I think you may have slightly misinterpreted the material you read about KH and clay-based substrates. While it is true that most soft/blackwater aquariums (and by extension most planted tanks) should have a fairly low KH- I aim for a KH of 2-3, what you need to watch out for is that baked clay substrates, “aquarium soil”, turface, etc. all strip hardness from the water. This is an attractive feature of the substrate when you are using harder water from the tap, but must be managed when using RO water. If you don’t remineralize the water you can end up with a KH of zero, which can lead to significant ph swings caused by co2, tannins, and other organic acids commonly found in planted tanks because the water will not have any buffering capacity.
This is easily addressed thru regular testing of KH and appropriate re-mineralization of ro water, cutting ro with dechlorinated, preferably carbon filtered, tap water, OR (and I would only suggest this if you test often and have some baseline for the effect it will have on your tank) by adding a few rocks, aragonite, or shells that do leach small amounts of carbonates in to the water- I’ve only done this in larger tanks where the KH tended to run close to zero, and where the relatively minor buffering capacity it afforded me did not raise KH to the point that it was counter productive.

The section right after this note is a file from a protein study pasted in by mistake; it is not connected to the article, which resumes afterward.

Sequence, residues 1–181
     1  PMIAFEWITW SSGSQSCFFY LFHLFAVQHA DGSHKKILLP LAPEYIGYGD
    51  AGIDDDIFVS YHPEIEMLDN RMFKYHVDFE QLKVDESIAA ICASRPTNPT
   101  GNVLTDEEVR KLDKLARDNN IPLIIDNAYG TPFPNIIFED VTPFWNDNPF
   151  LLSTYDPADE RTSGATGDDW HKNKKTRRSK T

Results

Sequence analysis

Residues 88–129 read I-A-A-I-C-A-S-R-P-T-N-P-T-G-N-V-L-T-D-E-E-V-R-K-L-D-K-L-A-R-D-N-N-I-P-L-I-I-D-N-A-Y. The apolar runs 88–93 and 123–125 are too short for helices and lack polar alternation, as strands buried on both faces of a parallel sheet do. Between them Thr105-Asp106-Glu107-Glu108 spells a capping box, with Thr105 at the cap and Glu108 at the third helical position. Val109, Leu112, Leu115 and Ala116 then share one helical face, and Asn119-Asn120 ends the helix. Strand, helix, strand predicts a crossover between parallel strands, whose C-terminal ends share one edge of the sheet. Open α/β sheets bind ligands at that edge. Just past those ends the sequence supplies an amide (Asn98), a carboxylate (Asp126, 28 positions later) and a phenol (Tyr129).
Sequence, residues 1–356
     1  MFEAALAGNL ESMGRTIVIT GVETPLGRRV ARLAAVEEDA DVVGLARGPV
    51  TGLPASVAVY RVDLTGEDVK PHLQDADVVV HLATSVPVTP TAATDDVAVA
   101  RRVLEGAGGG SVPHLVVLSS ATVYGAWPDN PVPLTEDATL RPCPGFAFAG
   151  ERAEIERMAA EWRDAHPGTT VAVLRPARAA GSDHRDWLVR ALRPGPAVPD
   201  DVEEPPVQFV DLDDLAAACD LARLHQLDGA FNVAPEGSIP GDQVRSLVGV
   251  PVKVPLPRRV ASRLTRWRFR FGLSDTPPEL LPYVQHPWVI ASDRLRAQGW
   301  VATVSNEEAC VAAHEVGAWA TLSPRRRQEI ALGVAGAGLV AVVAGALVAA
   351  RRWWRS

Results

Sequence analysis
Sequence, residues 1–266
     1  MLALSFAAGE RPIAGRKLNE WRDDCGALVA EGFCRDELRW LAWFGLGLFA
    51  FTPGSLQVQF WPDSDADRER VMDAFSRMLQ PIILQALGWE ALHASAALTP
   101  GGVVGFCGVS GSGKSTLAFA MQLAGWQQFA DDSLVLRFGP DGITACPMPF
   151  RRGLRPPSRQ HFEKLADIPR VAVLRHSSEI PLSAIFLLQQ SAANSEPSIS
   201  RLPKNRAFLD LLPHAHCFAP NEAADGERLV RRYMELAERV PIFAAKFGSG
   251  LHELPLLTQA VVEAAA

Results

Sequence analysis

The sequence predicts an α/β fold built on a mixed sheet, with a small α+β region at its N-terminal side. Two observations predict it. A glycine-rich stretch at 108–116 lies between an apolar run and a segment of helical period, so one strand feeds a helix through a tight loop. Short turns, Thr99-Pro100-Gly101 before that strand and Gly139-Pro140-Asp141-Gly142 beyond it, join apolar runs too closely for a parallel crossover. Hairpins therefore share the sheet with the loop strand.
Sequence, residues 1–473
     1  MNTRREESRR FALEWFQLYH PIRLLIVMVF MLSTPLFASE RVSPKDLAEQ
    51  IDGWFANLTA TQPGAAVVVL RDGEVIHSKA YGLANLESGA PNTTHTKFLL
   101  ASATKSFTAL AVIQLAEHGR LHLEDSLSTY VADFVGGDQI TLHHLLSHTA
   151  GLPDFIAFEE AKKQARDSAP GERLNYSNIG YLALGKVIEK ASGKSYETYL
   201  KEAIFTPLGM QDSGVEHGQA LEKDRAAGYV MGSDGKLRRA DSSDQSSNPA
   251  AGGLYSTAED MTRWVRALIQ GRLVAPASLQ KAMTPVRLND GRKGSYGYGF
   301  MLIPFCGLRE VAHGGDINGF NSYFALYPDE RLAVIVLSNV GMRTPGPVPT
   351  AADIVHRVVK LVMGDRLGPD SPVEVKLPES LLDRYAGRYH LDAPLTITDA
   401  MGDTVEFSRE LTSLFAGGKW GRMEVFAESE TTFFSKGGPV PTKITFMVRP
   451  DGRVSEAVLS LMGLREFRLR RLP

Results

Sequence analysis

Like everything else in planted tanks the key is stability and balance. Active soils will by their nature strip KH from your aquarium water, but if you test your KH regularly and are aware of those properties, you can easily amend your water to keep the KH at the ideal range of 2-3. The rate at which your substrate pulls KH from the water will lessen over time, and usually levels off completely after 1-2 years depending on the substrate, so you’ll need to test continually to make sure you’re adjusting the water’s hardness accordingly.
Initially I would re-mineralize your water to a KH of 3 or 4 to help offset the KH stripping properties of the soil, and drop that down to 2 once the soil has aged and is less actively stripping KH from the water. The key is regular water changes of 25-50% a week for the first few weeks until things level out. This will also help keep ammonia from spiking to dangerous levels. After a few months, the tanks inherent KH lowering properties will begin to level off as the system stabilized. At that point you can begin to remineralize your makeup water to a level closer to the target KH of the aquarium.
Hope this helped!